Revered—and feared—by humans for thousands of years, tigers possess characteristics people desire: brawn, skill, and singular focus. People have loved tigers for centuries, yet today the big cats’ numbers are frighteningly low. On Global Tiger Day, July 29, we invite you to join us in committing to the cause of preventing these regal felines from vanishing forever.
Since ancient times, many Asian cultures have viewed tigers as the king of the jungle (sorry, lions, your realm is the savanna). In Chinese, the word for king, wang, is represented by a character made up of three horizontal lines. Interestingly, a tiger has a marking of three stripes across its head—the cat itself bears the “king” marking!
The strength and power of a tiger is legendary, and it is this astonishing vigor that people have long yearned for. Traditional Chinese medicine (TCM) has long used tiger body parts in the belief that they can treat various illnesses, even though there is no scientifically proven medicinal value. Still, for some of the world’s population, tiger-bone wine is given as a supposed gift of vitality for the upcoming year. With populations of tigers plummeting everywhere they are still found, these practices are not sustainable. However there are glimmers of hope; in 1993, tiger bone was removed from the TCM pharmacopeia. Changing traditions, however, can take time—something that tiger populations don’t have. Throughout their remaining range, these cats are protected by law and there is a worldwide ban on the trade of their body parts, yet poaching remains a serious and persistent problem.
From India to China, Siberia to Sumatra, each tiger range country has created preserves for tigers and the wildlife that share their habitat. However, as human population in these areas grows and spreads to the edges of “tiger country,” a serious challenge arises; can tigers and humans coexist? And, there are tigers that live outside of protected areas, as well. In these unprotected parts of their range, they are seriously affected by habitat loss and fragmentation due to logging and development of palm oil plantations.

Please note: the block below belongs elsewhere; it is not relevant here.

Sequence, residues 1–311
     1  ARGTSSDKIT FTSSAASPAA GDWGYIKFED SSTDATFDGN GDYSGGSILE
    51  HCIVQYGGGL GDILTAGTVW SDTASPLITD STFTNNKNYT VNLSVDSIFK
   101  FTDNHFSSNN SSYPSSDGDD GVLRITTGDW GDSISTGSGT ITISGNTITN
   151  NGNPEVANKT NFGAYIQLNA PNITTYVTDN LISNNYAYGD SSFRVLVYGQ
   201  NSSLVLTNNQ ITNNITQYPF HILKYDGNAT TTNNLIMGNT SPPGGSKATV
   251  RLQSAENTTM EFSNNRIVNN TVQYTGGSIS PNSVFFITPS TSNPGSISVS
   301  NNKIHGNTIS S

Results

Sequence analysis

But all is not yet lost! Those of us in this part of the world can help tigers hold onto their habitat, using “purchase power.” Pay close attention to what you buy: look for food products that contain only designated sustainably farmed palm oil (or none at all) and check that wood products are labeled as sustainably harvested.
Within the native range of tigers, community conservation programs and educational campaigns are two effective tools being used to keep tigers from being pushed over the edge of extinction. By channeling our own “tiger power”—carefully stalking what we buy and pouncing on opportunities to support conservation efforts—we can keep the kings of the forest prowling into the future and celebrate many more Global Tiger Days.
Wendy Perkins is a staff writer for San Diego Zoo Global. Read her previous article, The Puaiohi Sings Again.